Static linking is a kind of linking that is performed during the compilation of a source program in which linking is performed before the execution of the file or object. On the other hand, the linker produces a result at the time of copying all library routines into the executable image, which is known as static linking. As compared to dynamic linking, it may need more memory storage and disk space.

However, when it runs on the system, it does not need the presence of the library that makes it more portable. It generates a fully linked object file that would be able to load and run and takes a collection of the relocatable object file and command-line argument. Two major tasks are performed by the static linker, which is discussed below:

  • Symbol resolution: In this, each symbol has a predefined task, and it associates each symbol exactly with one symbol definition from which they belong to.

  • Relocation: Its function is to modify symbol references to the relocated memory location and relocate the code and data section.

2. Dynamic linking

Another type of linking is dynamic linking, which is performed at the run time, in which multiple programs can share a single copy of the library. It means, each module having the same object can share information of an object with other modules rather than linking the same object repeatedly into the library.


A loader is a component that locates a given program (which can be an application or, in some cases, part of the operating system itself) in offline storage (such as a hard disk ), loads it into main storage (in a personal computer, it's called random access memory ), and gives that program control of the computer (allows it to execute its instruction s).

A program that is loaded may itself contain components that are not initially loaded into main storage, but can be loaded if and when their logic is needed. In a multitasking operating system, a program that is sometimes called a dispatcher juggles the computer processor's time among different tasks and calls the loader when a program associated with a task is not already in main storage.

Program Execution Cycle 9

Loader Function: The loader performs the following functions:

  1. Allocation

  2. Linking

  3. Relocation

  4. Loading


  • Allocates the space in the memory where the object program would be loaded for Execution.

  • It allocates the space for program in the memory, by calculating the size of the program. This activity is called allocation.

  • In absolute loader allocation is done by the programmer and hence it is the duty of the programmer to ensure that the programs do not get overlap.

  • In reloadable loader allocation is done by the loader hence the assembler must supply the loader the size of the program.


  • It links two or more object codes and provides the information needed to allow references between them.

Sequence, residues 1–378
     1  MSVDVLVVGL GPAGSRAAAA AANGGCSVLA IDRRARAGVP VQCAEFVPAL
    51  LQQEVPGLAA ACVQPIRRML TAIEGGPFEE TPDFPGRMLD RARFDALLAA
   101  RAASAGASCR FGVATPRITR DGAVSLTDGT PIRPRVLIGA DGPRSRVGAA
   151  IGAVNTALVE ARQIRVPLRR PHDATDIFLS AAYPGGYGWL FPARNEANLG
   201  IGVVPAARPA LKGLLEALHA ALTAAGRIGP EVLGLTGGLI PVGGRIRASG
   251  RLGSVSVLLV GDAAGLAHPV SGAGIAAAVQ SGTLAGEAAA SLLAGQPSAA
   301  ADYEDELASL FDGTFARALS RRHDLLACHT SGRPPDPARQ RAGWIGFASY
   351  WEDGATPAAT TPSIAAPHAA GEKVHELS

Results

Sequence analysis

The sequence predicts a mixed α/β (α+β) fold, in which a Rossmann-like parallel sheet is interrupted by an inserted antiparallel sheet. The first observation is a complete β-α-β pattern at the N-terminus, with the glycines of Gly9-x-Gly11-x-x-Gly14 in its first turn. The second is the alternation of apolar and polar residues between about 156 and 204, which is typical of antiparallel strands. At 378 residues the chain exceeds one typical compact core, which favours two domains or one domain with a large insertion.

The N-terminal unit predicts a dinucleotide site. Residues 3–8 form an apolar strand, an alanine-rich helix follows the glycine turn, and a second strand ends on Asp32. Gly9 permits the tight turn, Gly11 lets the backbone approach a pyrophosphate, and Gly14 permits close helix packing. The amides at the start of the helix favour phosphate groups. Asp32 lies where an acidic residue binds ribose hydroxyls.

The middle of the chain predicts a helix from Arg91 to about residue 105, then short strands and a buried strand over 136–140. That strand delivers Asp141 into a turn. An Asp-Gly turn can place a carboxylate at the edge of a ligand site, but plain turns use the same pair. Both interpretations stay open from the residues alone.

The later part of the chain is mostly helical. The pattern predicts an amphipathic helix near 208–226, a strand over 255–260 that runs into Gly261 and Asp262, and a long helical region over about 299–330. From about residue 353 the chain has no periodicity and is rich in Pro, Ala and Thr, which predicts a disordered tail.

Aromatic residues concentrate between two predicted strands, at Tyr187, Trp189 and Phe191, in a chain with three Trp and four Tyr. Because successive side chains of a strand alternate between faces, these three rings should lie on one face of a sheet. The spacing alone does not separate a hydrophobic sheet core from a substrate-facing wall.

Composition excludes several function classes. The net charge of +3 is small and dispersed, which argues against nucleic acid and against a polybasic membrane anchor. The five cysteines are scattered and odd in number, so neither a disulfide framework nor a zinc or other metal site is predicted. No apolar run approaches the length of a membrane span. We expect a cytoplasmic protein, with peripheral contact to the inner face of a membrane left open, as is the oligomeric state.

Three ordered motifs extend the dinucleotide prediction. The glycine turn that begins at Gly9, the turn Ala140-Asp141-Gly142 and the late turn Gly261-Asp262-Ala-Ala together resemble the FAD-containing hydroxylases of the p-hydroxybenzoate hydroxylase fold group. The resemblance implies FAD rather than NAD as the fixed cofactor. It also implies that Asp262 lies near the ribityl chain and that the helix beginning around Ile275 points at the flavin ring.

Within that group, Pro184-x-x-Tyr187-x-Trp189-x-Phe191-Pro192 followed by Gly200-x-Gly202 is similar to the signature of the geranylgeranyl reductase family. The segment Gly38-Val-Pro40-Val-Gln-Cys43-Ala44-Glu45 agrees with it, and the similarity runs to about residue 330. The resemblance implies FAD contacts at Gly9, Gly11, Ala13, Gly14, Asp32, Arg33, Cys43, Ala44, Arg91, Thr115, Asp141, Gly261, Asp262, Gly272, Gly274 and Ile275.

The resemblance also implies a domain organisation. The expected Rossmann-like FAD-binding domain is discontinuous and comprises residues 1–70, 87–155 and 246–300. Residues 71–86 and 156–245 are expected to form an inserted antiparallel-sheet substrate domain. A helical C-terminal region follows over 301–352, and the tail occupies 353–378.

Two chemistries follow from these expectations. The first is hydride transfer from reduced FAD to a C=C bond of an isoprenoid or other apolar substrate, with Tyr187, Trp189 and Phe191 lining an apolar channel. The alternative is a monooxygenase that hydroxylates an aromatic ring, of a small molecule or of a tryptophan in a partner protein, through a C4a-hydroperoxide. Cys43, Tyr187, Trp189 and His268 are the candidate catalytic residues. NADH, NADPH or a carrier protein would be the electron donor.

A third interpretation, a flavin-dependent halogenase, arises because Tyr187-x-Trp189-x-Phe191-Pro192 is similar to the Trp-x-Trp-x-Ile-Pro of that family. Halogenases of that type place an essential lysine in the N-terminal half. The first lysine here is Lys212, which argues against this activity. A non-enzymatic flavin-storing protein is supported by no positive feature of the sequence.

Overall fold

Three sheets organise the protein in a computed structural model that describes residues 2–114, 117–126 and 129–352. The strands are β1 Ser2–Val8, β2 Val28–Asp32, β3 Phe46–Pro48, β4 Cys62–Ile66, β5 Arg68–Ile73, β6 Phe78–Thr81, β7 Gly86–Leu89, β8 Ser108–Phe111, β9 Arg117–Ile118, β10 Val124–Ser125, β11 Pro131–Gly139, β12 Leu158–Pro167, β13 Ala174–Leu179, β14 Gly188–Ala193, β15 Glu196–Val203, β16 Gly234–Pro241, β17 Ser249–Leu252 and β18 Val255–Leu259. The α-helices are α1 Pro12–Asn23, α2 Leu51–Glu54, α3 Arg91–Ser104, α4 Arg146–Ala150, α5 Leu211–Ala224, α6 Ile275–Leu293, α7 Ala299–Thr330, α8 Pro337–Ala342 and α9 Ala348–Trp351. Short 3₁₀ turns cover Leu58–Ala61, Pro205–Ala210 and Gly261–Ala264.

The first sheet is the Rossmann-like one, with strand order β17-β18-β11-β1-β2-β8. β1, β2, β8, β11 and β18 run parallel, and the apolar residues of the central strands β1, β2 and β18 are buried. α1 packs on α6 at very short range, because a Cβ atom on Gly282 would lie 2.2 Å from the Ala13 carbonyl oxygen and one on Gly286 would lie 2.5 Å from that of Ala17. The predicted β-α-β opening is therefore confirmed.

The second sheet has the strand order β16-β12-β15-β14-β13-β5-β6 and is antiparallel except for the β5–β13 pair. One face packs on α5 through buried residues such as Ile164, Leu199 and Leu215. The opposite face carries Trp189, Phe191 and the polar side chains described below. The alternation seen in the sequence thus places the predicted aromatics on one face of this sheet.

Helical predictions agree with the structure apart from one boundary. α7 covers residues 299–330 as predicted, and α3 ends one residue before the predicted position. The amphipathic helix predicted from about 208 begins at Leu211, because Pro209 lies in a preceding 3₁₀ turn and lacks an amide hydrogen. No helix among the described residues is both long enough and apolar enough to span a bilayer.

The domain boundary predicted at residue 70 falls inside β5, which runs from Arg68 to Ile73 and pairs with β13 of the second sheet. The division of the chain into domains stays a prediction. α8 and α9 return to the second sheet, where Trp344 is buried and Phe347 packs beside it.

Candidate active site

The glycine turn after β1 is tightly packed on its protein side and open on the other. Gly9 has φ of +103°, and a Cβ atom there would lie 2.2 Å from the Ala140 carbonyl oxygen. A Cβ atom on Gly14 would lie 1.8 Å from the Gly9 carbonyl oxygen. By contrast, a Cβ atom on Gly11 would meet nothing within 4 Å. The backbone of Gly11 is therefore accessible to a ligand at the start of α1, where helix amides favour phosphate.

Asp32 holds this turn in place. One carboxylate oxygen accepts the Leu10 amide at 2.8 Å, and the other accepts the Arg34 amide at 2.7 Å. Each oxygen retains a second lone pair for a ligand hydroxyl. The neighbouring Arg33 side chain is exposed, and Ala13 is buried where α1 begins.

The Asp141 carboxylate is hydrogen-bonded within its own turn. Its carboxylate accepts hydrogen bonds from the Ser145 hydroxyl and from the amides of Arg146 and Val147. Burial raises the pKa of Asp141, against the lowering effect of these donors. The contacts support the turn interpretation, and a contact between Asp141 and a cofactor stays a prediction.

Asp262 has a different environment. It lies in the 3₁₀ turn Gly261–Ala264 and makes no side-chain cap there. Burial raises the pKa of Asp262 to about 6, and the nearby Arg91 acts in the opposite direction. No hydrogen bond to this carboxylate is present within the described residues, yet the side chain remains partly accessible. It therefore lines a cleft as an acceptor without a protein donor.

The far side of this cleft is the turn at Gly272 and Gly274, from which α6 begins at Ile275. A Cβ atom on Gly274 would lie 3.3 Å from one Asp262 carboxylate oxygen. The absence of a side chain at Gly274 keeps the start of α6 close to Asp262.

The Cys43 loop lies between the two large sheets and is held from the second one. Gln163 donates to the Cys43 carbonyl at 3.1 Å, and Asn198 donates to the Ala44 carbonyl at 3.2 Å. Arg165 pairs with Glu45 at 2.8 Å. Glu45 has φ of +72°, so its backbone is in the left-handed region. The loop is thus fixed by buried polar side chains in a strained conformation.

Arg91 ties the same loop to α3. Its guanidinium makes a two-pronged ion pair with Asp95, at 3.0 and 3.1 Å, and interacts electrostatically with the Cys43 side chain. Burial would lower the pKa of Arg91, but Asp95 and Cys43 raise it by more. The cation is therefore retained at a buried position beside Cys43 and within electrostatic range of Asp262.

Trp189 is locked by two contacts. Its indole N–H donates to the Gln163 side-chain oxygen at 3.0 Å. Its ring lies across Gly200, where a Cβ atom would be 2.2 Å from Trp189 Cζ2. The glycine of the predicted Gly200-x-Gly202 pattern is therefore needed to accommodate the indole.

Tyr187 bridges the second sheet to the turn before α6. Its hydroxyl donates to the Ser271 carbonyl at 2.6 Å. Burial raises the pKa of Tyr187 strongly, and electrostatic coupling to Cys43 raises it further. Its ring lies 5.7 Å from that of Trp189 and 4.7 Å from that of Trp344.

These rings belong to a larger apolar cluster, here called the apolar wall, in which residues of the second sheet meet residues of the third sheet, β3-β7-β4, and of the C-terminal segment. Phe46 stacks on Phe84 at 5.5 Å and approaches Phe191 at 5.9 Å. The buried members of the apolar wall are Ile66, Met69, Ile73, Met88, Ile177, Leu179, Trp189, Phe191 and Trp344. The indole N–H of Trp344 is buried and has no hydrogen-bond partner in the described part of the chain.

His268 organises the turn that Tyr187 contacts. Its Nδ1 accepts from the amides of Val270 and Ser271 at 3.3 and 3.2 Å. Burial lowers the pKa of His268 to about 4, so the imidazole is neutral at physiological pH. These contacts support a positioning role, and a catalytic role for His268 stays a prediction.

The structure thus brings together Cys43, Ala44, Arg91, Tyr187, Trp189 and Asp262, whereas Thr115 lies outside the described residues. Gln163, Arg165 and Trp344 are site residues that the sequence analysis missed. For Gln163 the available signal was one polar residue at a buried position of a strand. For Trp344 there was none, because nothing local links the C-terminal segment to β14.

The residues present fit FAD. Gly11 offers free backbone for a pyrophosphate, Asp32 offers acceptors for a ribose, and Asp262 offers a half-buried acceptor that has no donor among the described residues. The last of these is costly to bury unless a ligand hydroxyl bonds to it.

• It resolves the symbolic references (code/data) between the object modules by assigning all the user subroutine and library subroutine addresses. This activity is called linking.

  • In absolute loader linking is done by the programmer as the programmer is aware about the runtime address of the symbols.

  • In relocatable loader, linking is done by the loader and hence the assembler must supply to the loader, the locations at which the loading is to be done.


  • It modifies the object program by changing the certain instructions so that it can be loaded at different address from location originally specified.

  • There are some address dependent locations in the program, such address constants must be adjusted according to allocated space, such activity done by loader is called relocation.

  • In absolute Loader relocation is done by the assembler as the assembler is aware of the starting address of the program.

  • In relocatable loader, relocation is done by the loader and hence assembler must supply to the loader the location at which relocation is to be done.


  • It brings the object program into the memory for execution.

  • Finally it places all the machine instructions and data of corresponding programs and subroutines into the memory. Thus program now becomes ready for execution, this activity is called loading.

  • In both the loaders (absolute, relocatable) Loading is done by the loader and hence the assembler must supply to the loader the object program.

Difference between Linker and Loader



A linker is an important utility program that takes the object files, produced by the assembler and compiler, and other code to join them into a single executable file.

A loader is a vital component of an operating system that is accountable for loading programs and libraries.

It uses an input of object code produced by the assembler and compiler.

It uses an input of executable files produced by the linker.

The foremost purpose of a linker is to produce executable files.

The foremost purpose of a loader is to load executable files to memory.

Linker is used to join all the modules.

Loader is used to allocate the address to executable files.

It is accountable for managing objects in the program’s space.

It is accountable for setting up references that are utilized in the program.